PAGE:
Deceptive Marketing Practices Increase Carlos Alb
Risk Management in Healthcare APA Style Reply
How can false or deceptive marketing practices increase risk within a long-term care facility? What can a risk management team implement to reduce associated risks within this type of healthcare facility? Reply to each Peer about their post.
How can false or deceptive marketing practices increase risk within a long-term care facility? What can a risk management team implement to reduce associated risks within this type of healthcare facility? Reply to Teacher ( Teacher responded this to my post and posed the following questions):
Very nice job on your final discussion regarding marketing in a long-term-care facility. It is interesting when facilities such as long-term-care are creating marketing materials. As a former Compliance Officer, my integrated health system had a long-term-care facility, and there were many times when I would go over the materials that they wanted to use. We had our own Marketing Department that worked with this facility; however, sometimes they would make up their own brochures or pamphlets and try and circumvent the system by bypassing my department as well as marketing. What type of education would you provide for this department to ensure that their materials went through the proper channels prior to going out to the public?
In addition, you mentioned “false or deceptive marketing practices to gain a competitive edge over other firms in attracting potential customers.” False claims could be a huge loss to the facility, and the entire organization if the long-term-care facility is part of an integrated health system. With that being said, how can we avoid these types of issues from a risk management standpoint? Take a look at the graphic above as it should give you some help.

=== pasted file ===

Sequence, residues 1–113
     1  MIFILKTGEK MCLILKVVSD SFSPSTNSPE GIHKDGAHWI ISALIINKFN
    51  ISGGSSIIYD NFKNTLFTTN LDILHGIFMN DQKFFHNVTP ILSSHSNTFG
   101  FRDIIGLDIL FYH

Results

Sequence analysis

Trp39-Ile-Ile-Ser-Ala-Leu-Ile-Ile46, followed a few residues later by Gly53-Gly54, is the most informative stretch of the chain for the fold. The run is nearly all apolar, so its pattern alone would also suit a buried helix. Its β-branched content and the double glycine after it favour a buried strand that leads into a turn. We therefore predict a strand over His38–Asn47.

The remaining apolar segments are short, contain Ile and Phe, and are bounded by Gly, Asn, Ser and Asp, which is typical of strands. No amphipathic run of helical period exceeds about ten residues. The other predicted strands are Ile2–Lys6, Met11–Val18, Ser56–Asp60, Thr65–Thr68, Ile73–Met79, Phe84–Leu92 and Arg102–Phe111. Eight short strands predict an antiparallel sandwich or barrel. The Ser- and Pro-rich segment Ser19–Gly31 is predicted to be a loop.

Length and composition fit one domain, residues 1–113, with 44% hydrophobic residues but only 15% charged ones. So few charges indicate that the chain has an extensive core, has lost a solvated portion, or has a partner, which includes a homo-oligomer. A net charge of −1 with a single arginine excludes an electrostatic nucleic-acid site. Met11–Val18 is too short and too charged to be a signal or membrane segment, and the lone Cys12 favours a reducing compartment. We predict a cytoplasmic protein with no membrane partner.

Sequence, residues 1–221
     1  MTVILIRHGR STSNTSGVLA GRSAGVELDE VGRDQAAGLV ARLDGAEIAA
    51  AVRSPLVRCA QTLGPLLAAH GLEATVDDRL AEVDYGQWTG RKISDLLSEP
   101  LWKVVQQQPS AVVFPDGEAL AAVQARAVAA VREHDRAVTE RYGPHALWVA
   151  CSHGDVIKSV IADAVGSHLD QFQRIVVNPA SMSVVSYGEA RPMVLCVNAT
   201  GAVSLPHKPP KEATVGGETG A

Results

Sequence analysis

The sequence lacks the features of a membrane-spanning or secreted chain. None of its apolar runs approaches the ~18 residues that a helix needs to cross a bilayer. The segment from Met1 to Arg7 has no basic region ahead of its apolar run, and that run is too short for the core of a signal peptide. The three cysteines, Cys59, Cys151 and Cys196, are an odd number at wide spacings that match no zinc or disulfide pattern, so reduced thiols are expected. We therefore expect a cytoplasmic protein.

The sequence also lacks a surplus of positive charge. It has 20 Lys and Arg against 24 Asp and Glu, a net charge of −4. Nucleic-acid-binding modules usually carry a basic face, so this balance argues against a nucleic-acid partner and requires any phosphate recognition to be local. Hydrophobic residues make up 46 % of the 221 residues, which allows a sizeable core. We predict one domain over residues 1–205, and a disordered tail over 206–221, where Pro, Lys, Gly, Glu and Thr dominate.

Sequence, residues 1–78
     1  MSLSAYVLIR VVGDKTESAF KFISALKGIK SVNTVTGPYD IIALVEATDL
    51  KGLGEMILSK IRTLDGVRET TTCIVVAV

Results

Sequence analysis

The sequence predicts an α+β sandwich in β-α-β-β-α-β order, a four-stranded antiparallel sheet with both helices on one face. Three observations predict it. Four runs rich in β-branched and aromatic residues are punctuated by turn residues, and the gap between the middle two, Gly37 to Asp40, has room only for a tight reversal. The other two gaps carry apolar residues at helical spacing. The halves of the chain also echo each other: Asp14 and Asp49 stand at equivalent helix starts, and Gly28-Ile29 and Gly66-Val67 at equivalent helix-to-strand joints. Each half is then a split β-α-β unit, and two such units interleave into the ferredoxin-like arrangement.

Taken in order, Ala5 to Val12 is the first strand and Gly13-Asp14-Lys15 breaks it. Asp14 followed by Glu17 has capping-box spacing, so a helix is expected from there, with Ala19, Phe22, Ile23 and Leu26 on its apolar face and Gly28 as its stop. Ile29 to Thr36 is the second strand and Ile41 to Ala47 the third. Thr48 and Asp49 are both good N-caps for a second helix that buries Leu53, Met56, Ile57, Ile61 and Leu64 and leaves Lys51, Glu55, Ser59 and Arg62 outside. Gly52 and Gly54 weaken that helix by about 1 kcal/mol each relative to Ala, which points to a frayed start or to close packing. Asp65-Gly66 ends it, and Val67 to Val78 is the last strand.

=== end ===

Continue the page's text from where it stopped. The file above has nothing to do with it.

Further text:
Lastly, here is a video regarding a systems approach. Please review and let me know your thoughts.
How can false or deceptive marketing practices increase risk within a long-term care facility? What can a risk management team implement to reduce associated risks within this type of healthcare facility? Reply Kendel:
Whoooo Who! We made it! Another term completed in a pandemic!
This week we are looking at false advertising in the medical field and its effect on the risk factor for a facility. When you look at the bigger pictures this whole idea relates to ethics. The concept of ethics is important to the medical field because it is one of the main focuses of not only a medical facility as a whole but on a smaller scale a priority to the compliance officer. According to HIPAA marketing is “an arrangement between a covered entity and any other entity whereby the covered discloses protected health information to the other entity in exchange for direct or indirect remuneration for the other entity or its affiliate to make a communication about its own product or service that encourages recipients of the communication to purchase or use that product or service” (Secretary, 2012, p. 2). HIPAA also breaks down what marketing is not:
With that in mind, false advertisement for a facility increases the risk for that facility because what is offered and what is promoted must be in line so that the facility is not reliable. A proofing process or team set in place to go over things because they are sent out to the public will be beneficial for ensuring the integrity of a facilities marketing tactics.
Kavaler, F., & Alexander, R. S. (2014). Risk management in healthcare institutions: Limiting
liability and enhancing care (3rd ed.). Jones & Bartlett Learning.
Secretary, H. H. S. O. of the, & (OCR), O. for C. R. (2013, July 26). Marketing. HHS.gov. https://www.hhs.gov/hipaa/for-professionals/privacy/guidance/marketing/index.html?language=es.